Udell Levy was sworn in last month as a judge of the U.S. Department of Health & Human Services’ Office of Medicare Hearings and Appeals in Atlanta.
In his new role, he will decide disputes about Medicare entitlement, coverage and medical necessity. He said his main priority is to move along the backlog of more than 300,000 cases of people appealing Medicare. “People who have appeals in the Medicare system are waiting 1,000 days from the time the case is filed to the time they get a hearing.”
Levy, formerly of Louisville, Ky., has been a lawyer for nearly 40 years. He has more than two decades of experience representing injured workers.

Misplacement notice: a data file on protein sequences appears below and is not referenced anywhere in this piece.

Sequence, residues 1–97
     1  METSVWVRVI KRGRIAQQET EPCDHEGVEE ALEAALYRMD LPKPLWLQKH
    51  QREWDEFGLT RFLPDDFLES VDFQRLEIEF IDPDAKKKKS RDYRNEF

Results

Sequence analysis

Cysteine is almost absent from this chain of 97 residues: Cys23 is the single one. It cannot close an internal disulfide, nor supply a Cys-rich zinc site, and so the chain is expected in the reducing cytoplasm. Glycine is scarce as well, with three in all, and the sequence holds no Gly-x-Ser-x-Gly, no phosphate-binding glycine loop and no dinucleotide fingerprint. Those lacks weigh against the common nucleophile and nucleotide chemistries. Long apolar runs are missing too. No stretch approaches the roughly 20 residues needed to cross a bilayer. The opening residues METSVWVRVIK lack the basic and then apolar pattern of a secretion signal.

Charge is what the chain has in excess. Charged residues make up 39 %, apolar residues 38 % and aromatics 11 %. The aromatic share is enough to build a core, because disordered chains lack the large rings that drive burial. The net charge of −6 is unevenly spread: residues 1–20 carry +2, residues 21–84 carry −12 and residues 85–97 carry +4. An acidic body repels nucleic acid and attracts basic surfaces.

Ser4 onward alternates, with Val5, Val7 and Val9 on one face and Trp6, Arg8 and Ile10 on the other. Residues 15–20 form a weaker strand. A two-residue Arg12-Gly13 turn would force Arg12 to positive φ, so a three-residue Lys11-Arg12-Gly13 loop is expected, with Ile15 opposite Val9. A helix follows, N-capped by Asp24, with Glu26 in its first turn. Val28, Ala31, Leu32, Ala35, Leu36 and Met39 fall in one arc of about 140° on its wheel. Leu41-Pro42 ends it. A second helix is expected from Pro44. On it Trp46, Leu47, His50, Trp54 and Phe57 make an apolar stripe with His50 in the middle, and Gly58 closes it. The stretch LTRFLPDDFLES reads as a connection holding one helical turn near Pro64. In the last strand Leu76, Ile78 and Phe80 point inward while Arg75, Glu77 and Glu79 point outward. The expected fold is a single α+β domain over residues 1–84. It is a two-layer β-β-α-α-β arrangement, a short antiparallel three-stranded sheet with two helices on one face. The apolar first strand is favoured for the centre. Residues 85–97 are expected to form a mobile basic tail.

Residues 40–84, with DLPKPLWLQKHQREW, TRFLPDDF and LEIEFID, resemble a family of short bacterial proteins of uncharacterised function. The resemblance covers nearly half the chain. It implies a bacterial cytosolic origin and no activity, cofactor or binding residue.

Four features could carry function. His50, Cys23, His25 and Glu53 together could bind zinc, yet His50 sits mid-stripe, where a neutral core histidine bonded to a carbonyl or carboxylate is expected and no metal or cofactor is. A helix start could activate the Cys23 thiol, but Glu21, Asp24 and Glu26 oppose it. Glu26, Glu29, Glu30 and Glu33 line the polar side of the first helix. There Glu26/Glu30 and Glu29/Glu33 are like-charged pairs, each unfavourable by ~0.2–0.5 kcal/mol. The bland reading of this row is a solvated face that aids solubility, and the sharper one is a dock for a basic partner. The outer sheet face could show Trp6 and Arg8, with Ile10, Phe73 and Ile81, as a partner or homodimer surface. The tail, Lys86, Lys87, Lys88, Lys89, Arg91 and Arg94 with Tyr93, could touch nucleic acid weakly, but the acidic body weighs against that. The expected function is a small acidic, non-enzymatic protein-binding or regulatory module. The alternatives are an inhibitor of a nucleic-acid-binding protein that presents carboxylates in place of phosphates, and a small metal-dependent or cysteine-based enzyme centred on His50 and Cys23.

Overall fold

He worked for the office of the public defender and served as a guardian ad litem, a court-appointed lawyer, for nearly 20 years in family court, where he advocated the interests of abused and neglected children.
Levy was an administrative law judge for the Kentucky Department of Workers’ Claims for two years, experience he said lends itself to his current position as he decided if injured workers were entitled to medical benefits.
While Medicare benefits are a big political hot potato, Levy personally believes, “In this country, everyone ought to have the right to reasonable and necessary health care. It’s not a privilege only to those who have the money to pay for it.”
In Louisville, Levy was also past chairman of the Jewish Community Relations Council for the Jewish Federation of Louisville. He said Louisville is very similar to Atlanta, a Southern city with an active and vocal Jewish community, although on a smaller scale.